(This flame bait bought to you in lieu of a real blog entry, due to exhaustion from traveling.)
Driven by Apple's persistent failure to lighten my wallet by announcing a 7" iPad, I recently acquired an Android tablet: a Samsung Galaxy Tab 2 (7-Inch, Wi-Fi), aka GT-P3113. What can I say? It's cheap, but it's not one of the nasty knock-offs. If the hardware ran iOS and had an Apple dock connector (or just plain ordinary micro-USB) I'd be singing its praises. As it is, it has rapidly become my preferred ebook reader, beating out the Kindle Fire (which was designed for that task). So you can take this as a lukewarm recommendation—if you want a jacket-pocket ebook reader that can do other stuff on the side, this one is quite classy.
But I have reservations about the bigger picture ...
Let's fast-forward through the pros first: the Samsung Galaxy S II 7" (such a classy name!) is decently designed hardware, has a good feel, and makes a better 7" ebook reader than the Kindle Fire—it's thinner and lighter, of roughly the same dimensions as the Kindle Keyboard, but comes with extras such as cameras, a microSDHC slot, bluetooth, and GPS. Samsung seem to know what they're doing when they stick to making machinery. Oh, and it runs Ice Cream Sandwich which, while not quite as slick as iOS right now, is a big improvement over earlier versions of Android. Also, yay, 50Gb of extra free storage on Dropbox for the next 12 months, until the bill comes due.
Cons: Alas, Samsung majored in the Microsoft OEM school of crapware vendors; they seem to think Sony are a good object of emulation in this respect. The Galaxy Tab II may run Android 4, aka Ice Cream Sandwich, but they just couldn't resist the temptation to slather it with embarrassing quantities of junk applications in a pathetically poor attempt to ape Apple's walled garden approach to providing tools. It's full of Samsung-only apps (chat to other Galaxy Tab users, mail via walled garden servers, share photos with other Samsung owners, and so on) that you can't delete. By my estimate they take up around 20-30% of the not-terribly-large internal 8Gb FLASH storage, and the app launcher they supply keeps trying to push them on you.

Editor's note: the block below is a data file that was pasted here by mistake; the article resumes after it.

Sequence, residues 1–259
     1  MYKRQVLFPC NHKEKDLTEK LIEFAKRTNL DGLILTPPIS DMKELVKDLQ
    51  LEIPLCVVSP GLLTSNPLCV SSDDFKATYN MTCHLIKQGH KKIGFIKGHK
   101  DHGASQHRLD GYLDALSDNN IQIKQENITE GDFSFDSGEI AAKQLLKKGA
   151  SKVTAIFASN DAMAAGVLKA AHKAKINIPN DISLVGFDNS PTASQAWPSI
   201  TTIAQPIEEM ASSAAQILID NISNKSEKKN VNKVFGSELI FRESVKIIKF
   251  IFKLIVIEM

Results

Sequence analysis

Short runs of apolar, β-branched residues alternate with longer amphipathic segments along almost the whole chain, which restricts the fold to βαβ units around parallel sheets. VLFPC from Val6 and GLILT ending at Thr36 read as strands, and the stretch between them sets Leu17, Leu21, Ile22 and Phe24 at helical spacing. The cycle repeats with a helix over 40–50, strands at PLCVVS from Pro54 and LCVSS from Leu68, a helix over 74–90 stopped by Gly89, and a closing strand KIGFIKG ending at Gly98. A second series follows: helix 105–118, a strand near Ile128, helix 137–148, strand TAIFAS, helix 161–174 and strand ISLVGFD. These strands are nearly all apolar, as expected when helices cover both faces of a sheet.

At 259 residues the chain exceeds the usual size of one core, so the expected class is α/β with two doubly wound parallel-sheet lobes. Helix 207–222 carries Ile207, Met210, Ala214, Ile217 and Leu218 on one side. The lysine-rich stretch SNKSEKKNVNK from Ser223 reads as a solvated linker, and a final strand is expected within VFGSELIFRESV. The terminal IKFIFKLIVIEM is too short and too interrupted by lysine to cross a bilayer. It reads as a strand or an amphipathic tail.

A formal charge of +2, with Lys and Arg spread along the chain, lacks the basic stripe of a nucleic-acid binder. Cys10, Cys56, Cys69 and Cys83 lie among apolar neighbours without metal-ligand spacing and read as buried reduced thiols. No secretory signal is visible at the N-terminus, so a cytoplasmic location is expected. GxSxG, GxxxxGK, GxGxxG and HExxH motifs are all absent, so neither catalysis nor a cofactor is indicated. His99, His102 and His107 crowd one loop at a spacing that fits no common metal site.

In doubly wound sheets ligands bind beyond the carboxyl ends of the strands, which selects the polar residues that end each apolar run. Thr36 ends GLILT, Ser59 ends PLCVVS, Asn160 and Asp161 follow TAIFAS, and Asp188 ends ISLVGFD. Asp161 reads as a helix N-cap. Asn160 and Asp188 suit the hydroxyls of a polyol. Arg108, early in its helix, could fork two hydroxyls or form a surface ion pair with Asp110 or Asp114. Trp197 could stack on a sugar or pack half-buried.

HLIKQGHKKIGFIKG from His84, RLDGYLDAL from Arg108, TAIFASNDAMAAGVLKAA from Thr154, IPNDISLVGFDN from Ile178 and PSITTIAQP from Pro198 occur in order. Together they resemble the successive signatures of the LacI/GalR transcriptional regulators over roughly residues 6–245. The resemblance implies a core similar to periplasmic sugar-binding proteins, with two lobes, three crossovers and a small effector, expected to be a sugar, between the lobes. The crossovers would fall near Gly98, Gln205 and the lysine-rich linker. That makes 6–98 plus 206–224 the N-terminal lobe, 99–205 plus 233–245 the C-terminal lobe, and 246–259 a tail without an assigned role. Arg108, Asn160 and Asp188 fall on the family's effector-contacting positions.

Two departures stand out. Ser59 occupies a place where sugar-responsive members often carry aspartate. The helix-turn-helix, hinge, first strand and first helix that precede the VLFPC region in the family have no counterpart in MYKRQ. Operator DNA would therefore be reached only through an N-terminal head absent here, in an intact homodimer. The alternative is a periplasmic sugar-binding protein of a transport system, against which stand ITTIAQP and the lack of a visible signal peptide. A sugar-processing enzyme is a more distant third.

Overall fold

I can hide most of the junk so that it doesn't get in my face the whole time, but it's still occupying valuable storage: meanwhile, Android comes with the obvious Google apps. Why does Samsung insist on trying to steer users towards Samsung apps that duplicate their functionality but miss out key features that make them useful, like, oh, being able to share stuff with folks who don't own a Samsung device? (Don't answer that: it's because a high level marketing committee thought it would be a really good idea to try to sell web services to their customers that locked them into Samsung, not realizing that this is adding negative value to the product.)